I wrote this in 2013, but finally decided to publish today. It took place at the 2013 Pinhoti 100, but it’s not a race report. You can learn more about that race HERE. Thanks for reading, and happy trails!
I said I’d never do it again, this 100 mile thing. Add that to my list of Neverending Nevers; I also have a dog that sleeps in my bed, an overpriced car payment, a stupid-amount-of-coffee addiction, and–crap–I may have actually worn pajama pants into Target last month.
Of course all of that means nothing to you fine people, but to me, it’s a solid amount of proof that I–quite ferociously–devour my words.
In 2012, I vehemently shared that I was “done with hundreds for awhile” and that “I could only run one again if I had a good reason to.”
And I would love to tell you all that I had an insanely good reason to run Pinhoti 100, but the truth is, I didn’t. I guess I was just hungry to taste the pain. Craving an adventure? I don’t know. I truly just felt like I needed to get out there.
Shortly before the race, and with very little training, I pulled the trigger and signed up.
A week or so before the big day, I started cooking up an idea. I asked my Dad if he’d be interested in helping my husband, Dan, crew me. I knew with my lack of prepation for the event, I would need a lot of support to run another 100.
To my surprise, Dad agreed, and even volunteered my little brother to join in. We decided that Dan would crew me the first 50 miles or so, then my Dad and brother would come later in the game and help pull me to the finish.
The thought of Dad joining me at the race became what I was looking forward to the most– almost more than the race itself. Dad had only ever witnessed one of my ultras. It wasn’t a pretty one, and truthfully, I don’t think he understood the whole ordeal. In fact, he’d asked me on more than one occasion why I kept doing the darn things. I never had a great answer other than “I don’t know. I guess it’s just good for the soul.”
Regardless, he agreed to be there to support me, and I was motivated to show my Old Man just how great these crazy things could be.
Listen to the Music…
The race started early in the morning, well before sunrise, deep in an Alabama forest. It was dark, damp, and there were runners everywhere. The start gun went off, and people were moving quickly –faster than my under trained legs needed to be going. When we all filed onto the single track trail, my nerves finally took hold of me….Ohhh gosh I’m so out of shape…I stepped aside and let what felt like hundreds of people pass me.
After the crowd thinned, I got moving again and just relaxed…I’m not here to race this thing. I’m just here to just spend a day in the woods, and hopefully snag a finish… I kept reminding myself.
Over the next few hours I coasted, moving forward with the goal of seeing Dad at the forefront of my mind. I found a rhythm and stuck with it. That rhythm just so happened to be to the tune of some sweet southern rock in my headphones, and I loved every minute of it. The weather was perfect. The trails were winding. Life was so good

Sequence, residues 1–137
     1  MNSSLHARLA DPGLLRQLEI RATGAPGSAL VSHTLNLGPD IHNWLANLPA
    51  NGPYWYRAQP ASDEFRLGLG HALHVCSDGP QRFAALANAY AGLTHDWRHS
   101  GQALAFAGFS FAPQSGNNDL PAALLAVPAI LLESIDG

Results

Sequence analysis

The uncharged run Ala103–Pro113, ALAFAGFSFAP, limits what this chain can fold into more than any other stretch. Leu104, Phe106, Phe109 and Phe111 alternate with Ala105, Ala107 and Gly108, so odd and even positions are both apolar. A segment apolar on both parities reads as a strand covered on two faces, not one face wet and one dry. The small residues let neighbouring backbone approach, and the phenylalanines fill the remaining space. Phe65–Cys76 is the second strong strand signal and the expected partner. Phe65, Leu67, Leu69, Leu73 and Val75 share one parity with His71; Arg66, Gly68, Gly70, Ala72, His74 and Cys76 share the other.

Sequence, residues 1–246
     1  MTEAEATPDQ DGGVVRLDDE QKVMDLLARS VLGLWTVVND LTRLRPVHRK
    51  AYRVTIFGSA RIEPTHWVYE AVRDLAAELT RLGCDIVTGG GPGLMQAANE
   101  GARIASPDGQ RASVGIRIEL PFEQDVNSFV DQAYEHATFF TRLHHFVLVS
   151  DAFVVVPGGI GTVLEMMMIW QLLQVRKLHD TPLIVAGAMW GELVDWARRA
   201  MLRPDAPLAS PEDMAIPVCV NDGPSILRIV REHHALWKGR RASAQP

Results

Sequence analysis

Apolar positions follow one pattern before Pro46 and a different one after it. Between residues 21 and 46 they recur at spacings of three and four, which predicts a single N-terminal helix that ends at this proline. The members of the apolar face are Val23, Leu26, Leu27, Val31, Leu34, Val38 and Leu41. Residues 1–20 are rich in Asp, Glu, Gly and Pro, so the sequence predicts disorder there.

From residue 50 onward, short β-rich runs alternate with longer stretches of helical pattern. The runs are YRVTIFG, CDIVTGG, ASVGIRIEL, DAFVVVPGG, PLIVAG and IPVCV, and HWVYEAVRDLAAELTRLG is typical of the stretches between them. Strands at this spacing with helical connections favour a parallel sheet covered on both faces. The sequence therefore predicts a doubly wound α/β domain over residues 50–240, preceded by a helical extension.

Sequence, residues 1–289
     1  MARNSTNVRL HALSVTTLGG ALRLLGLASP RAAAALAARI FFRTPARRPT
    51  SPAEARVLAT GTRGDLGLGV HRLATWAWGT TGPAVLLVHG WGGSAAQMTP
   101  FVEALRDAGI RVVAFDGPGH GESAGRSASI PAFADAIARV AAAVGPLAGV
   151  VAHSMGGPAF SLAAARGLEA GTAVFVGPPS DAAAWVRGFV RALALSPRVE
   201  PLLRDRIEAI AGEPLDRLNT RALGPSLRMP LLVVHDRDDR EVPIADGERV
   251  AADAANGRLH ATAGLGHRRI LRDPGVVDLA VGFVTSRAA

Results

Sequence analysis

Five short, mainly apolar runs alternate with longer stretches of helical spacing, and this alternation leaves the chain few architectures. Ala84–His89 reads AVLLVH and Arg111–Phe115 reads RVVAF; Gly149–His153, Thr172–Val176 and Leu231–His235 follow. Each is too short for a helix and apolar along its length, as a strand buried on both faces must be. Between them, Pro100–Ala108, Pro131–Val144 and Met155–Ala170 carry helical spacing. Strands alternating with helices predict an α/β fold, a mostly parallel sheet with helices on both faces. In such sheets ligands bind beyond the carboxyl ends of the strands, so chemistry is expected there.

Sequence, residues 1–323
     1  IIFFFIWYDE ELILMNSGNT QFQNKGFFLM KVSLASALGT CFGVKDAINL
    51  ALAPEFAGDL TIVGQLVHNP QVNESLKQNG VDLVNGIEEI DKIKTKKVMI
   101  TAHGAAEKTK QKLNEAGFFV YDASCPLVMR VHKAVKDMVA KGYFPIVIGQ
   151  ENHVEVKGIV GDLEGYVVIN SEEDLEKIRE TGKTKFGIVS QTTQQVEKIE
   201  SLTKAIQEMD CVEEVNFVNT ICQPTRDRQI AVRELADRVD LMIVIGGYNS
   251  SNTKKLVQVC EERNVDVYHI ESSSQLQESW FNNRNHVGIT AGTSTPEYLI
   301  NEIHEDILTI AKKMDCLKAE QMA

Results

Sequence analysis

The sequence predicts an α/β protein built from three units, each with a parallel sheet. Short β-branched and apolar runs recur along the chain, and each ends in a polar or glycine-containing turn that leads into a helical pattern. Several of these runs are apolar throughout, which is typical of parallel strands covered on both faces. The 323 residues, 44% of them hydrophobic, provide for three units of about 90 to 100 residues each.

Dan took really good care of me. The aid stations and volunteers were amazing. It all just flowed, and that flow remained the entire first half of the race. By the 50 mile mark, it was dark, and I was ready to tackle the next half of the monster that lay ahead.
But what goes up…
Somewhere between mile 50 and 60, I’d finally hit a wall. It was dark again, the soreness was kicking in, and I was not running as fresh as I had been.
I finally made it to the aid station I had been working towards– the one that had my Dad. Mile 60.
There was a huge crowd of people there meeting with their runners. I was a little disoriented with all the running I’d done. I looked around, but couldn’t find my family. I was disappointed, and went to find some food instead.
But everything changed when I heard a familiar voice behind me.
“Oh my gosh! Dad! You guys made it!” I suddenly felt alive, and revived. My Dad, my brother, Matt, Dan… They were all there!
“Dad!” I said, hugging my father around the neck, “Thanks so much for coming!”
“Hey sweetheart! You ready to knock the rest of this thing out?”
“Heck yeah I am!” I laughed. “Just forty little miles left.”
We devised a quick plan to survive the night ahead– Matt, and Daniel, would take turns running with me. My Dad would drive the car to the aid stations, and take care of my nutrition and gear needs.
My brother and husband took turns pacing me late into the night. Without their support, I wouldn’t have been able to make it as far as I had.
When I reached the 85 mile aid station, I was finally feeling all of the miles. It was the lowest I’d felt the entire race. It was 4 in the morning. I was cold, drenched in sweat, sleep deprived, and my spirits were low.
I grabbed some snacks while the guys were busy getting my stuff together for the next stretch of the race. The car was parked far away. I figured my dad must have been sleeping in the car. So for the first time that day, I sat down by a fire.
I dozed off for a millisecond when I felt someone shake me. I looked up, startled, and found Dad hovering over me.
“Ready to run?”
“Dad! Hey! Ha ha. Yes, I suppose I need to finish this thing.” I said, trying to peel myself out of the chair.
“Well, let’s get it done! Do I need to bring water or anything?”
“Wait…Dad..you’re coming with me?! The next aid station you can get back into the car is like 9 miles away.”
“Of course I am coming! If you’ll let me!” he laughed.